And yes, after tasting my first slice, I found my jaded heartstrings tugged in unexpected ways. I didn't know such a pizza experience was possible. It's rediscovering the humble foodstuff all over again—and being dumbstruck by its poetic brilliance.
Crust, sauce, cheese. Dom's languidly cup strips of bright, peppery basil. The heightened anticipation of the wait, watching his languorous dance of stretching the crust, a few twirls of olive oil, doling out heart-stopping clumps of fresh mozz.
Part of it is maddening, this wait. Everything seems to go much too slow for the spectators, and there are many. You get the feeling people want to jump in and start ladling sauce themselves—except no one but Dom forms the pies, and that's part of the myth that's risen up around Di Fara's creations. The vets gently leading the first-timers is tribute to how fondly they remember their First Slice.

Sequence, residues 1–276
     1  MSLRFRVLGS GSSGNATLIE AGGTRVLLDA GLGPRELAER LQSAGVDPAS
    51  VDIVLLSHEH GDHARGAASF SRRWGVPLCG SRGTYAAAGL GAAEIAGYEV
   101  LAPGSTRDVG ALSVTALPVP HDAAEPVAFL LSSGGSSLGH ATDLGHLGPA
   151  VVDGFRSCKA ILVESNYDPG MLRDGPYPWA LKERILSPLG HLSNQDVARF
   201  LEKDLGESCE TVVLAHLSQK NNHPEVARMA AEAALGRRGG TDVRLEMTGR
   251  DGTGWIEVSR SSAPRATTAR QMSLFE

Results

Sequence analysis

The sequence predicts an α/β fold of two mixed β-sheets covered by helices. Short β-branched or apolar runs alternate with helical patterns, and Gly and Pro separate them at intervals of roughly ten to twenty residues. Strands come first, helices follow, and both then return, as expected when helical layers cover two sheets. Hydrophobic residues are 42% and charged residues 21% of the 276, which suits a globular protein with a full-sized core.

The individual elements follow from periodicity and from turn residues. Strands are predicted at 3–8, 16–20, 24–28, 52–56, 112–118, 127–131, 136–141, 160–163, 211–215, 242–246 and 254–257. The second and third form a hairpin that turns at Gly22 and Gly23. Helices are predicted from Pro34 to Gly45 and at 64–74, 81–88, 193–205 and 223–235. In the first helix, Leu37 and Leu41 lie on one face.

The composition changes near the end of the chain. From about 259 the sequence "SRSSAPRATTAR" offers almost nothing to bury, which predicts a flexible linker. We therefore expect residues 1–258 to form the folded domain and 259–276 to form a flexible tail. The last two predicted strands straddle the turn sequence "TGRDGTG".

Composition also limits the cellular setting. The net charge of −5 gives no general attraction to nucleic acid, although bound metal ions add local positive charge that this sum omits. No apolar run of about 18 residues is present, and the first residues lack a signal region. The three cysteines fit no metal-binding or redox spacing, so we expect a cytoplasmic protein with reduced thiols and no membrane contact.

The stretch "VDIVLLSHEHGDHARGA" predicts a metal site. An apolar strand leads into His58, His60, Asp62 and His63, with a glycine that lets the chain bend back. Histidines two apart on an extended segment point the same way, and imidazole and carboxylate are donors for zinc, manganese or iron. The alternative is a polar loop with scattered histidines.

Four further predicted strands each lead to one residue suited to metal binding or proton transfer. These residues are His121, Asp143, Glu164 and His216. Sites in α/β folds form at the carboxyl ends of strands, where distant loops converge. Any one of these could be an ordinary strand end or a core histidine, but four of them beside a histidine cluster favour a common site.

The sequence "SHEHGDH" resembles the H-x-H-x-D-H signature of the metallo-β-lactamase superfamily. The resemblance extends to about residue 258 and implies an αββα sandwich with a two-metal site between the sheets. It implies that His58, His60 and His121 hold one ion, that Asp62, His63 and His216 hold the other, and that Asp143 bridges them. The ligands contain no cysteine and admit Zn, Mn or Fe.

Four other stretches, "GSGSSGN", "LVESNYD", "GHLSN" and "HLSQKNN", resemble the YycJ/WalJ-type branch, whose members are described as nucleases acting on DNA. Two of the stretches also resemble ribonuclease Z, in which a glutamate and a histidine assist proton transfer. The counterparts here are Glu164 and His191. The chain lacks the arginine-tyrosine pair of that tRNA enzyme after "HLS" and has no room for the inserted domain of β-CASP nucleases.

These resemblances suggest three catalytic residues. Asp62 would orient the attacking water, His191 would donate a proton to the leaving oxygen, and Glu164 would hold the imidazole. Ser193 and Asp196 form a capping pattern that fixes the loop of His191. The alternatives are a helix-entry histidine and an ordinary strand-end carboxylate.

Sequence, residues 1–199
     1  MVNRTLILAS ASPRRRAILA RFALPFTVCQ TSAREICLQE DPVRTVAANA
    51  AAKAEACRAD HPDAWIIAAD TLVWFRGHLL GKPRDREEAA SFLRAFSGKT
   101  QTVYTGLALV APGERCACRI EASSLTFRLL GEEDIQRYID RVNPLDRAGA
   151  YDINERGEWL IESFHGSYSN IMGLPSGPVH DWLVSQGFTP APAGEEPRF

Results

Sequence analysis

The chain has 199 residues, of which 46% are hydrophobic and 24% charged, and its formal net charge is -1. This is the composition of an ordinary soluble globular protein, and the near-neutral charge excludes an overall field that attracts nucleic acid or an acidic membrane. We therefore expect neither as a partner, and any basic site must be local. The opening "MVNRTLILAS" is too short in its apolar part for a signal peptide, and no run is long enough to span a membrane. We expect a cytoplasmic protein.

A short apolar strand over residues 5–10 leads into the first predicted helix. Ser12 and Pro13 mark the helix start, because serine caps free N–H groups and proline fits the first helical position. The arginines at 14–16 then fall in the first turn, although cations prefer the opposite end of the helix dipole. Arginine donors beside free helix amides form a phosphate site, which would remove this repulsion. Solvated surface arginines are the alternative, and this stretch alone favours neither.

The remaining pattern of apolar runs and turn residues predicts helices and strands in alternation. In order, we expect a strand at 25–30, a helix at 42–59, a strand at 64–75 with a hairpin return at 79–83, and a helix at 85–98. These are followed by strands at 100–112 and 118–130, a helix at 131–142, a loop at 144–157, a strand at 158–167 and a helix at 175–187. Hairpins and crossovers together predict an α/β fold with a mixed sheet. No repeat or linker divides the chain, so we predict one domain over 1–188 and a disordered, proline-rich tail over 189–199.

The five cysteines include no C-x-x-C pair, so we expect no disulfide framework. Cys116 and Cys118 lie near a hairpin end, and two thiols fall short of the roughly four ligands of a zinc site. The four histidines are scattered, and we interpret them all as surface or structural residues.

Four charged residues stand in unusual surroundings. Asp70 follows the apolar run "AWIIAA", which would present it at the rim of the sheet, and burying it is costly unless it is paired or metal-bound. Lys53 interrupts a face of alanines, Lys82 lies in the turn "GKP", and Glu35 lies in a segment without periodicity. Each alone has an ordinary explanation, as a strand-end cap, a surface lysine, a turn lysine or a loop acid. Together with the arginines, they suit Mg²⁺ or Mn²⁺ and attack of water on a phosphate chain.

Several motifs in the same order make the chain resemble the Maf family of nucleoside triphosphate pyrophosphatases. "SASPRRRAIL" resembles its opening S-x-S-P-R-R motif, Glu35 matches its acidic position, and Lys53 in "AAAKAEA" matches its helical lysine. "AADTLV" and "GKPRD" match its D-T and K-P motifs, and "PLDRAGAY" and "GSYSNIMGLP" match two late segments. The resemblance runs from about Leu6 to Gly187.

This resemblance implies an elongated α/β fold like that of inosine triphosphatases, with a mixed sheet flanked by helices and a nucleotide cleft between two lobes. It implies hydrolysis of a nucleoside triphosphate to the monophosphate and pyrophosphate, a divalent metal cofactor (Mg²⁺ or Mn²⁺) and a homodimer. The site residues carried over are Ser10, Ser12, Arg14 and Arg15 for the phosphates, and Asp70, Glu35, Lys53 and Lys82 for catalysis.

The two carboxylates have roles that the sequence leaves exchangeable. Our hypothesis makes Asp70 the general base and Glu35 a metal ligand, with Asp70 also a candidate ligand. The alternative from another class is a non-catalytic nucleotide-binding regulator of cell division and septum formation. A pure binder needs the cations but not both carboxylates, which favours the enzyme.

And the bad, well, let's just say that the sheer, joyous intensity of the flavors can't erase a fact—a terrible kind of knowing—that this may be one of the best pies you've ever eaten, and will ever eat. It might haunt you. Everyone else knows it, too.
Having tasted Di Fara's new semidried cherry tomato, I know I've been ruined. But honestly, I'm too happy to care.
Leah Douglas, Serious Eats Intern
As much as I am surrounded by pizza enthusiasts, I must sadly admit that my pizza experience in our great city has been relatively limited. Sure, I've had a few cruddy slices here and there—but my only taste of truly great pizza was at Motorino (an unforgettable experience). So I had no idea what to expect before walking into Di Fara, a true pizza mecca. Did Dom really have too heavy of a hand with the oil? Would the wait drive me to hunger-induced insanity? Do I even have the palate to appreciate truly great pizza?